- Paperback: 512 pages
- Publisher: Penguin; New Ed edition (6 Mar. 2003)
- Language: English
- ISBN-10: 0141009284
- ISBN-13: 978-0141009285
- Product Dimensions: 12.9 x 3.2 x 19.8 cm
- Average Customer Review: 411 customer reviews
- Amazon Bestsellers Rank: 949,595 in Books (See Top 100 in Books)
Any Human Heart (Penguin Essentials) Paperback – 6 Mar 2003
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"Any Human Heart" is an ambitious, all-encompassing novel. Through the intimate journals of Logan Mounstuart we travel from Uruguay to Oxford, on to Paris, the Bahamas, New York and West Africa, and meet his three wives, his family, his friends and colleagues, his rivals, enemies and lovers, including notables such as the Duke and Duchess of Windsor, Ernest Hemingway and Virginia Woolf.
About the Author
William Boyd was born in 1952 in Accra, Ghana and grew up there and in Nigeria. His first novel, A Good Man in Africa (1981), won the Whitbread First Novel Award and the Somerset Maugham Prize. His other novels include An Ice Cream War (1982, shortlisted for the 1982 Booker Prize and winner of the John Llewellyn Rhys Prize), Stars and Bars (1984), The New Confessions (1987), Brazzaville Beach (1990, winner of the McVitie Prize and the James Tait Black Memorial Prize), The Blue Afternoon (1993, winner of the 1993 Sunday Express Book of the Year Award), Armadillo (1998), Any Human Heart (2002, winner of the Prix Jean Monnet) and Restless (2006, winner of the Costa Novel of the Year Award). His latest novel is Sweet Caress (2015). Some seventeen of his screenplays have been filmed, including The Trench (1999), which he also directed, and he is also the author of four collections of short stories: On the Yankee Station (1981), The Destiny of Nathalie 'X' (1995), Fascination (2004) and The Dream Lover (2008). He is married and divides his time between London and South West France.
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The book starts in Logan's school period. He is at public school in England. At this time the diary is written in a very different way from how it evolves through the novel as Logan's style matures. We follow him from his school days and the loss of his father through a variety of jobs and relationships. At times he has success as a novelist and a seller of fine art; he meets famous people such as Ian Fleming and the Duke of Windsor (who the author obviously doesn't rate highly); he suffers bereavement; he latches on the political movements; and he experiences real poverty. Like all lives you don't know how it will finish when it starts and the author has arranged the collection of different experiences as a plausible narrative. I was continually surprised but I always believed what had happened.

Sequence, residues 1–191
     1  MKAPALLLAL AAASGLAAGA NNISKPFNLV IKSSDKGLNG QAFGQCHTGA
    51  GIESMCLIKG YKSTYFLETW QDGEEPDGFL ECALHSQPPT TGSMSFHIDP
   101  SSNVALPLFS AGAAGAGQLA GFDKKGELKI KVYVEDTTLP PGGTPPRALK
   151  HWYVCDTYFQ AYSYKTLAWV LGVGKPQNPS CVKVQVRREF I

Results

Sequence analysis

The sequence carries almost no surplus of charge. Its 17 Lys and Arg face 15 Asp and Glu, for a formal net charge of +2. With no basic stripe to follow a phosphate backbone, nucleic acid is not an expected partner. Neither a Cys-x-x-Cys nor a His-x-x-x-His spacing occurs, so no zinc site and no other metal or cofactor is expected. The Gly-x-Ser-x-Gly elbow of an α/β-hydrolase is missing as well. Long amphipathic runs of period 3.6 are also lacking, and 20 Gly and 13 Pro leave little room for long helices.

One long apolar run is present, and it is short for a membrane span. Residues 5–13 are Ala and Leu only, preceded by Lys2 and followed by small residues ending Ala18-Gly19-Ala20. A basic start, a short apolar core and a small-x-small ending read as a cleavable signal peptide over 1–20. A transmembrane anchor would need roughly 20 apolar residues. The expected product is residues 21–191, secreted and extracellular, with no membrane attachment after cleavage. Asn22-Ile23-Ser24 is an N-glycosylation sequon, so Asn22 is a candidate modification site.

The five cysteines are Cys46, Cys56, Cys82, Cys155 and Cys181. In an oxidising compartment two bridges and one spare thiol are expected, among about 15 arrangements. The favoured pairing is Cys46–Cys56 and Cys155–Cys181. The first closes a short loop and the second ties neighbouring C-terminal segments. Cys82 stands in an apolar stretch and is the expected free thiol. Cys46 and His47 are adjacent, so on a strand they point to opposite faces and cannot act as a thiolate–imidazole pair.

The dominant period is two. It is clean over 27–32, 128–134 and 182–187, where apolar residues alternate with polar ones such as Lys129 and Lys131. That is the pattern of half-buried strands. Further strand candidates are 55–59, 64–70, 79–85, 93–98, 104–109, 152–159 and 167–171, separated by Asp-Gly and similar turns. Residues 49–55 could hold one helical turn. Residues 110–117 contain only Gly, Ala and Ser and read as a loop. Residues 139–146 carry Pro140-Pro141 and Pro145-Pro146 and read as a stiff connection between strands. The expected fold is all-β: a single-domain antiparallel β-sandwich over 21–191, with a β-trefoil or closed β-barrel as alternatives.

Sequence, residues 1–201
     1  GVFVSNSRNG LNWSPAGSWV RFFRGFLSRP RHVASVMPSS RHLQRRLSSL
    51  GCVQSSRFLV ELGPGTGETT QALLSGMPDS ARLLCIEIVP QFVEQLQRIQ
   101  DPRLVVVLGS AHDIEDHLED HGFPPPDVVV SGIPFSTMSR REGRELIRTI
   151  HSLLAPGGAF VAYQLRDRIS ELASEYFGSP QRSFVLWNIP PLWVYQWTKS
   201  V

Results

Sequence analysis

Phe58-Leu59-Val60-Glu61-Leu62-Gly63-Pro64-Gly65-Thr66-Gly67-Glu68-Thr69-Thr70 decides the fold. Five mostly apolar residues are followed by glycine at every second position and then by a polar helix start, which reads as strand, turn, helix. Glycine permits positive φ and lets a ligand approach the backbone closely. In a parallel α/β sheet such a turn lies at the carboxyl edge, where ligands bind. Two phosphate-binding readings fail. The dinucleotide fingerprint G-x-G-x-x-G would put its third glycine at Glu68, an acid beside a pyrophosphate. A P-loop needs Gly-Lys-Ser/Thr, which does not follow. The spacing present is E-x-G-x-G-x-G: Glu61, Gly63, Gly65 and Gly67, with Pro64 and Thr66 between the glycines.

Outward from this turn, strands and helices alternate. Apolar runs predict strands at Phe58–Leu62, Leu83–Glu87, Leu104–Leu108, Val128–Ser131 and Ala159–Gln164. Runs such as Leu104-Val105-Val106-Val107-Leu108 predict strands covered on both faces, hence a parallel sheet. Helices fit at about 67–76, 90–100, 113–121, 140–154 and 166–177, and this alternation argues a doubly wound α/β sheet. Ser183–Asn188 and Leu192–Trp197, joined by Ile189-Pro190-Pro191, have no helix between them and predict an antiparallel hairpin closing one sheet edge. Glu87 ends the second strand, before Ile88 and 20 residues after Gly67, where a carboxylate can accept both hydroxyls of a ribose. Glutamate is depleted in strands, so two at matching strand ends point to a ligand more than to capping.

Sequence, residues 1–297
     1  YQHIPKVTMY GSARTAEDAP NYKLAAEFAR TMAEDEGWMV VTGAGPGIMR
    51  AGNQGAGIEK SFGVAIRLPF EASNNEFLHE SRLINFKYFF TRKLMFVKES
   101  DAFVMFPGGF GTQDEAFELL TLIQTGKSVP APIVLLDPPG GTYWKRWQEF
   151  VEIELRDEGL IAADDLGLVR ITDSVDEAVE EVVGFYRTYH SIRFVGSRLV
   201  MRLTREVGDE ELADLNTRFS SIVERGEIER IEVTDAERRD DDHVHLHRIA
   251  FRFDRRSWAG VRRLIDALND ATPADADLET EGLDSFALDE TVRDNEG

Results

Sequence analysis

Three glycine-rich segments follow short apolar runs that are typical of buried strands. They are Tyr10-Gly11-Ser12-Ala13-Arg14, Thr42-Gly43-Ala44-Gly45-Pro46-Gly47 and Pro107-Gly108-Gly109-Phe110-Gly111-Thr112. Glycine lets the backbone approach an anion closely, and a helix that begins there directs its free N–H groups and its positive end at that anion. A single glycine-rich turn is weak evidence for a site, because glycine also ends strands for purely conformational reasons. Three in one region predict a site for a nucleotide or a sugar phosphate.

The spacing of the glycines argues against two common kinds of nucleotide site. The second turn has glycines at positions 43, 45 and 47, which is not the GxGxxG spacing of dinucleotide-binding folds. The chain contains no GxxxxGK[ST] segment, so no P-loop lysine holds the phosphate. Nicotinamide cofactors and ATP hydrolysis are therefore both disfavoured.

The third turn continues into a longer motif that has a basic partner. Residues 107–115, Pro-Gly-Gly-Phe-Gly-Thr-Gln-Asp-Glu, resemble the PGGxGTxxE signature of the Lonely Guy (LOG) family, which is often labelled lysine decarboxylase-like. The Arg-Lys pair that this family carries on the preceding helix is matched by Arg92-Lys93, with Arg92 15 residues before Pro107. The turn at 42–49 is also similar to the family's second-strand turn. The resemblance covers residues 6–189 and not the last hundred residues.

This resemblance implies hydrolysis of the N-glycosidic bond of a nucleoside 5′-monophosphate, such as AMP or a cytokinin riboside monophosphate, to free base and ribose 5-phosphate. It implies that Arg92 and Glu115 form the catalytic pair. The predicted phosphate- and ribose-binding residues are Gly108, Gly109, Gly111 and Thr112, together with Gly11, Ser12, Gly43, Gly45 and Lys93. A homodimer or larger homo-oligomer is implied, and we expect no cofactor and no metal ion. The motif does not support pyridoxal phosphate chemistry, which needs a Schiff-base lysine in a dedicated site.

Logan is not always a nice man but his motivations are clear and as you engage with him there are moments when you will despair of him and other times when what happens to him will leave you very sad. The author includes quite a lot about class, money and politics as well as linking to key events in the history of the twentieth century. This isn't a huge book but there is a lot in it because it is very carefully crafted. I found it absolutely compelling reading - it reminded me of Margaret Forster's "Diary of an Ordinary Woman" in scope and format although not in content.
The School Journal : "I proposed that we should each be presented with a challenge, that two of us, in turn, should think up a task for the third and that the endeavour would be documented and witnessed as far as possible in the Livre d'Or ... the term will certainly be an interesting one and not without humour."
The Oxford Journal : She has set something loose in me and even now it strikes me that the nature of your first, all-consuming sexual experience might determine your needs and appetite for the rest of your life ... will bitten-down fingernails always be a sign for me, a form of sexual bookmark?"
And so continuing through the story of The First London Journal , The Second World War Journal , The Post-War Journal , The New York Journal , The African Journal , The Second London Journal , and finally ...